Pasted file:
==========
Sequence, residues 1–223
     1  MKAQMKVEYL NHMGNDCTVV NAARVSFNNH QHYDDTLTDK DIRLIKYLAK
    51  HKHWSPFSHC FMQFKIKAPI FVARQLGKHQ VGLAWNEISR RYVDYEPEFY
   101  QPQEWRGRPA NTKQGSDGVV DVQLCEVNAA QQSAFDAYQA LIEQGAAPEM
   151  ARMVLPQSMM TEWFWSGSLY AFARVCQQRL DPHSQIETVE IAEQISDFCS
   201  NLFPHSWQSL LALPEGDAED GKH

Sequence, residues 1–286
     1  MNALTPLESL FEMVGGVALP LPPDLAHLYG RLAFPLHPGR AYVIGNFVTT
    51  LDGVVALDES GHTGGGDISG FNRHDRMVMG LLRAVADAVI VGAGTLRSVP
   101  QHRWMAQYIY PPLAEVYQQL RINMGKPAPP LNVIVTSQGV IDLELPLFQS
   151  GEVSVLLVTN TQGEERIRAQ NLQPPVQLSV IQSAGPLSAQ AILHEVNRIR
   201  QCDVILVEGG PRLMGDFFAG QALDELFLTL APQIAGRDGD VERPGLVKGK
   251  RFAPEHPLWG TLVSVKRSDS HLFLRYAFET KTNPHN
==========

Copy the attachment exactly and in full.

Sequence, residues 1–223
     1  MKAQMKVEYL NHMGNDCTVV NAARVSFNNH QHYDDTLTDK DIRLIKYLAK
    51  HKHWSPFSHC FMQFKIKAPI FVARQLGKHQ VGLAWNEISR RYVDYEPEFY
   101  QPQEWRGRPA NTKQGSDGVV DVQLCEVNAA QQSAFDAYQA LIEQGAAPEM
   151  ARMVLPQSMM TEWFWSGSLY AFARVCQQRL DPHSQIETVE IAEQISDFCS
   201  NLFPHSWQSL LALPEGDAED GKH

Sequence, residues 1–286
     1  MNALTPLESL FEMVGGVALP LPPDLAHLYG RLAFPLHPGR AYVIGNFVTT
    51  LDGVVALDES GHTGGGDISG FNRHDRMVMG LLRAVADAVI VGAGTLRSVP
   101  QHRWMAQYIY PPLAEVYQQL RINMGKPAPP LNVIVTSQGV IDLELPLFQS
   151  GEVSVLLVTN TQGEERIRAQ NLQPPVQLSV IQSAGPLSAQ AILHEVNRIR
   201  QCDVILVEGG PRLMGDFFAG QALDELFLTL APQIAGRDGD VERPGLVKGK
   251  RFAPEHPLWG TLVSVKRSDS HLFLRYAFET KTNPHN